Neurodiversity

Neurodiversity refers to variations in the human brain regarding sociability, learning, attention, mood, and other mental functions.[1] "Neurodiversity" is a portmanteau of "neurological" and "diversity" that was popularized in the late 1990s by Australian sociologist Judy Singer[2] and American journalist Harvey Blume.[3] The term emerged as a challenge to prevailing views that certain neurodevelopmental disorders are inherently pathological and instead adopts the social model of disability, which states that societal barriers are the main contributing factor that disables people.[4]

The subsequent neurodiversity paradigm has been controversial among autism advocates, with opponents saying that its conceptualization of the autism spectrum doesn't reflect the realities of individuals who have high support needs.[5][6]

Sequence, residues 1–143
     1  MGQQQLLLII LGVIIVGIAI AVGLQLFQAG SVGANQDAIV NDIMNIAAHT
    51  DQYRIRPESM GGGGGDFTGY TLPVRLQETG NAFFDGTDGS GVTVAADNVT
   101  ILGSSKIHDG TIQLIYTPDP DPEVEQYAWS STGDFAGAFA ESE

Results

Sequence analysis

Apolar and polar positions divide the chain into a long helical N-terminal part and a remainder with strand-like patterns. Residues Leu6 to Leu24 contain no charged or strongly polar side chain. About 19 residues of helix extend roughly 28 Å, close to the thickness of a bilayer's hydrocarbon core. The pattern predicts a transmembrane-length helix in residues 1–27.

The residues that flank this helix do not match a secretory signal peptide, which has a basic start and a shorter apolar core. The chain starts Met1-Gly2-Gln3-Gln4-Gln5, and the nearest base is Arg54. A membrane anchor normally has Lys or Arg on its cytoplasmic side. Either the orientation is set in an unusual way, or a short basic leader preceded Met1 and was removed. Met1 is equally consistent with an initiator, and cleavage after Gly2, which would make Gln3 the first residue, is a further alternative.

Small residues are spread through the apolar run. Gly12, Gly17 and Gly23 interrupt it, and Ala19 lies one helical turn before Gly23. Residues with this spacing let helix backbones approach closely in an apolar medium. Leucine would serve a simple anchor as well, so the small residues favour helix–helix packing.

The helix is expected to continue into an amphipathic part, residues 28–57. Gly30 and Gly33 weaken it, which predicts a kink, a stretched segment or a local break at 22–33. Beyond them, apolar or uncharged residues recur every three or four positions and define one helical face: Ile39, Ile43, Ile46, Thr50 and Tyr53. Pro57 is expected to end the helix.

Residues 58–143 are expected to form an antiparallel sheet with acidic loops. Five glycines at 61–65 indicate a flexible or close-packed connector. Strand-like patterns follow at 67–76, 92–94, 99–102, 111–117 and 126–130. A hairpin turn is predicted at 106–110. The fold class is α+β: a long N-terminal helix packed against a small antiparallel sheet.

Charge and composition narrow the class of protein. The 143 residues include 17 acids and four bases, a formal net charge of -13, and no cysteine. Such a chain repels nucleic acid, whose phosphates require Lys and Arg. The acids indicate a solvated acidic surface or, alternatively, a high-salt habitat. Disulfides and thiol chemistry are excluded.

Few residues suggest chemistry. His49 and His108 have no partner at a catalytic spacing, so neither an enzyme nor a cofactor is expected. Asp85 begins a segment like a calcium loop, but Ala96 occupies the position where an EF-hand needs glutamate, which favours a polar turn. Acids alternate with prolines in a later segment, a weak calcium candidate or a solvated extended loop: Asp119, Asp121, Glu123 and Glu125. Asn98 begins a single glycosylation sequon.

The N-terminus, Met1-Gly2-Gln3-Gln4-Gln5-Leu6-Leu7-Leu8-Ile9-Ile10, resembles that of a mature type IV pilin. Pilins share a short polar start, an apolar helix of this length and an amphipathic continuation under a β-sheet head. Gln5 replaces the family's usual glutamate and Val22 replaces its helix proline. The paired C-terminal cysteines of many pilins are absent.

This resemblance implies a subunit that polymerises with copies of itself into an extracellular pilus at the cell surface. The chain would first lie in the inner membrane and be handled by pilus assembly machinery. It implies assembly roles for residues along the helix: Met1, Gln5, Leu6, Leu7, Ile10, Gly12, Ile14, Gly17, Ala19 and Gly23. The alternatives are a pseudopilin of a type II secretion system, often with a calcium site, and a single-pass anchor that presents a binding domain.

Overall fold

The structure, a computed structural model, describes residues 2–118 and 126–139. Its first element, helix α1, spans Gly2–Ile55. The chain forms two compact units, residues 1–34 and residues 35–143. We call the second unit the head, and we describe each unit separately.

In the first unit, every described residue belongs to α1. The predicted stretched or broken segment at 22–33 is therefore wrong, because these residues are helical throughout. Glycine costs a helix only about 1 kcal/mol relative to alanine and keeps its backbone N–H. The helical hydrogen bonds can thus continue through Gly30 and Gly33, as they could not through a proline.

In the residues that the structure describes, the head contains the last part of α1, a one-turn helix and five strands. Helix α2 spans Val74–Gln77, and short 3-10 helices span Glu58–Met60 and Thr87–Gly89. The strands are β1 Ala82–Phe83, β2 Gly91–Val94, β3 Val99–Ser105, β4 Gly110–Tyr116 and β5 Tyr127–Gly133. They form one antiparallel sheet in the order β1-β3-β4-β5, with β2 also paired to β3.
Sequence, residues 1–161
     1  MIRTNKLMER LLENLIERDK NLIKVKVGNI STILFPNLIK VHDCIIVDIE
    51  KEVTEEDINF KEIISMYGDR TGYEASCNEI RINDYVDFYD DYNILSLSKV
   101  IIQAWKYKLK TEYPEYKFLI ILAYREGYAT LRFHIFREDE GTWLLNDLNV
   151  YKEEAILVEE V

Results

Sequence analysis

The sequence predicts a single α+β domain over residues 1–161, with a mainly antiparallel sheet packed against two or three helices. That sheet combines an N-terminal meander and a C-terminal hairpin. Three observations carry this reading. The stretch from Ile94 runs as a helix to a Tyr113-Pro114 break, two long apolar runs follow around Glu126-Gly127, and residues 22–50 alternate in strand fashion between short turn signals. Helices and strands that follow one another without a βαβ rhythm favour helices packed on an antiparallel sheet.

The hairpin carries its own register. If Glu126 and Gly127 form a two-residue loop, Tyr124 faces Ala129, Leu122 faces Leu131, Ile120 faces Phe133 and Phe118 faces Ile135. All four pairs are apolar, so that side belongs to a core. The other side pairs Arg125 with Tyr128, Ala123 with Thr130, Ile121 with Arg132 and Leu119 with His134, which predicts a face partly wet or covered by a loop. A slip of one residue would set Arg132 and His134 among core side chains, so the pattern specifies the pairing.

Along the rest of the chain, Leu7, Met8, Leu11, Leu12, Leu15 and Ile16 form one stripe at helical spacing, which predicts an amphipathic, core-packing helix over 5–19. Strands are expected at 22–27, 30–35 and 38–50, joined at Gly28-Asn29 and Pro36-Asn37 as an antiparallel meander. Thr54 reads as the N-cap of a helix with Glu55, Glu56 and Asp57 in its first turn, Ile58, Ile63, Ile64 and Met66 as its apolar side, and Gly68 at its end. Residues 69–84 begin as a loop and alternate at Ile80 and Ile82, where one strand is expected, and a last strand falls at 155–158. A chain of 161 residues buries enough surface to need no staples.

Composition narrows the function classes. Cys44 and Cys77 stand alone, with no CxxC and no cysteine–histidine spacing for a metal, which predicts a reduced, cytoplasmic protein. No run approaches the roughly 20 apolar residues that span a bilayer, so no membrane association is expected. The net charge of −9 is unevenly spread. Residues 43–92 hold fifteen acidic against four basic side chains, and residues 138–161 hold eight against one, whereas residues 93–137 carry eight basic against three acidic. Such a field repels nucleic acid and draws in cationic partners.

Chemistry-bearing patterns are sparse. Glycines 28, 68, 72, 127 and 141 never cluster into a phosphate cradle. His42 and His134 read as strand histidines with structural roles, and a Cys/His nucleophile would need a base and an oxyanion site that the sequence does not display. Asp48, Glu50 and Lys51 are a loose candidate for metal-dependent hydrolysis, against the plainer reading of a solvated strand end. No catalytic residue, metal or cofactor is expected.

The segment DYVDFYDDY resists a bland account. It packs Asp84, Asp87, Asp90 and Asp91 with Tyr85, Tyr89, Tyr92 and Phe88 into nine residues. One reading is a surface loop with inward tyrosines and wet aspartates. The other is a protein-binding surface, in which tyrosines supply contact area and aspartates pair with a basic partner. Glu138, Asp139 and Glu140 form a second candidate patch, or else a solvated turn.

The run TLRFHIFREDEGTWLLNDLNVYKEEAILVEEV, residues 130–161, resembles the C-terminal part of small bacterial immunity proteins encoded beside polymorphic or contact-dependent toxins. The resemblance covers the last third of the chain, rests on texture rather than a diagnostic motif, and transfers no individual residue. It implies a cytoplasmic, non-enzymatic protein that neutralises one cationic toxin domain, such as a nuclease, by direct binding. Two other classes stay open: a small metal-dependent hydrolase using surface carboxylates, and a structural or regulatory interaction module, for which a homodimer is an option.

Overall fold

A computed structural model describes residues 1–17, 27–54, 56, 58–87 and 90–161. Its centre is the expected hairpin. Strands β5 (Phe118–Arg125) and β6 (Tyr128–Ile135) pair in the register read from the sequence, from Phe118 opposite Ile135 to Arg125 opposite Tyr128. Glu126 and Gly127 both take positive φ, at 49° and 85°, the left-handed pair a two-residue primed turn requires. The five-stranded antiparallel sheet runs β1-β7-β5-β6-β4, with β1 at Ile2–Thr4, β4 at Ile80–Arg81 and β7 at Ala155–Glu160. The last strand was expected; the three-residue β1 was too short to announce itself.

Terminology

According to the 2011 National Symposium on Neurodiversity held at Syracuse University, neurodiversity is:

... a concept where neurological differences are to be recognized and respected as any other human variation. These differences can include those labeled with Dyspraxia, Dyslexia, Attention Deficit Hyperactivity Disorder, Dyscalculia, Autistic Spectrum, Tourette Syndrome, and others.[7]